Perhaps you have seen that Paris’s iconic Arc de Triomphe — like the Pont Neuf and Berlin’s Reichstag before it — has been wrapped in fabric, the posthumous realization of a project by the artist-couple Christo and Jeanne-Claude.
Perhaps you also noticed, scattered across headlines and social media, the pernicious tendency of journalists to attribute this work to Christo alone, though L’Arc de Triomphe, Wrapped is the product of the duo’s decades-long collaboration and a dream both of them shared.
If you didn’t notice the mistake — in headlines published by the Wall Street Journal and the LA Times, as well as on Instagram where the project’s official hashtag is #christoparis — I wouldn’t be surprised. This is by no means the first time one half of the artist pair — notably, the female half — has been left out of the equation. Initially the couple themselves did this. Though their collaboration began in the 1960s (their first project was realized in 1961, and then they married in 1962), it wasn’t until 1994, when they retroactively labeled all previous public work as authored by both artists, that the collaborative moniker “Christo and Jeanne-Claude” was made official.
Though the world has had a good 27 years to get used to it, the artists’ website recognizes the continued potential for confusion. It spells it out for anyone who can’t wrap their minds around art made by equal contributions of two people of different genders: “All the early works … as well as all preparatory drawings, collages, and scale models are works by ‘Christo’ only …. However, all projects and indoor installations, both realized and non-realized, are works by ‘Christo and Jeanne-Claude’.”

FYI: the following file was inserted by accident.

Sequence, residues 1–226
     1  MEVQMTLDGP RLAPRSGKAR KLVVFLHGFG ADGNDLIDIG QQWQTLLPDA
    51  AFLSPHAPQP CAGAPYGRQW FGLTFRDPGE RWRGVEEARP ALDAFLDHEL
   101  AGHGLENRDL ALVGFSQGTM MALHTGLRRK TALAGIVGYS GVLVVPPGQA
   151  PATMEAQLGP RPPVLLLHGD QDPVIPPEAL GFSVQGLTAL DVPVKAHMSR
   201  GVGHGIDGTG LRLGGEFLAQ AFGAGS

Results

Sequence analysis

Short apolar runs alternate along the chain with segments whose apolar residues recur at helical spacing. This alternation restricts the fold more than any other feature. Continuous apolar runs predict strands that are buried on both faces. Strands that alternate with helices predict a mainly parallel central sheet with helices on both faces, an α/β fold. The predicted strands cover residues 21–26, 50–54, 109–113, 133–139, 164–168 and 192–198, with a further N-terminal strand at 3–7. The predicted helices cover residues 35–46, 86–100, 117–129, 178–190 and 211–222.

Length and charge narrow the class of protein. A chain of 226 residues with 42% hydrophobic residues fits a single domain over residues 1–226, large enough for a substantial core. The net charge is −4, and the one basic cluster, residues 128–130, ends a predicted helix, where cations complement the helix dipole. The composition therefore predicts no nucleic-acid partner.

Excluding Jeanne-Claude from headlines and descriptions is, therefore, factually inaccurate. (Would you ever talk about Gilbert without mentioning George?) If the media treated this oversight as such, the error would be rectified immediately. A retraction would be issued and an apology made. But the fact that this error keeps appearing — in some of the world’s largest (and most meticulously edited) papers — is an indication that giving deserved credit to women is not in their style guide.
Unfortunately, New York’s hometown paper is no exception. When Jeanne-Claude died in 2009, the New York Times published an obituary that cast her in the studio assistant role, a mistake only made more stark when reading Christo’s recent obituary from 2020. Though the Times is careful to point out Jeanne-Claude as “wife and collaborator,” the writer of both pieces, William Grimes, doesn’t seem fully convinced of this, since the wording of each obituary does not express equality. Christo’s largely confers credit to the artist alone (referring to “The Gates” as “Christo’s” project), while Jeanne-Claude’s continually specifies joint spousal effort, labeling their work, somewhat awkwardly, “the art of her and her husband.”
At the time of Jeanne-Claude’s death, then-mayor Michael Bloomberg — no doubt thinking he was paying the artist a compliment — released a statement saying that “The Gates,” a 2005 installation mounted in the city’s Central Park, “would never have happened without Jeanne-Claude.” While this is technically correct, saying so is like saying Simon and Garfunkel wasn’t possible without Paul Simon. In other words, it’s utterly and completely obvious.
Sadly, though by no means surprisingly, there is precedence for this female erasure. Women have been and continue to be the executors of the invisible, unpaid, unaccredited labor that makes much of the world run smoothly. Globally, our work hours are worth trillions of dollars per year. Wives, very often, make their husbands’ careers possible, through a variety of support: from childcare to coaching, encouragement to straight up collaboration. Artists’ wives (who are often artists themselves) are no exception.
Artists’ wives have acted as studio assistants, advocates, babysitters, and breadwinners, some even giving up their own practices for the sake of their husbands’ work. History has not recorded the full extent of these women’s influence, and we may never know the full scope of the impact they have made on the history of art.
But in the case of Jeanne-Claude, we do know. Her impact is evident as it rises from the center of the Place Charles de Gaulle, covering one of Paris’s most recognizable monuments. It’s ironic, however, that despite how large this work looms, she has been diminished.
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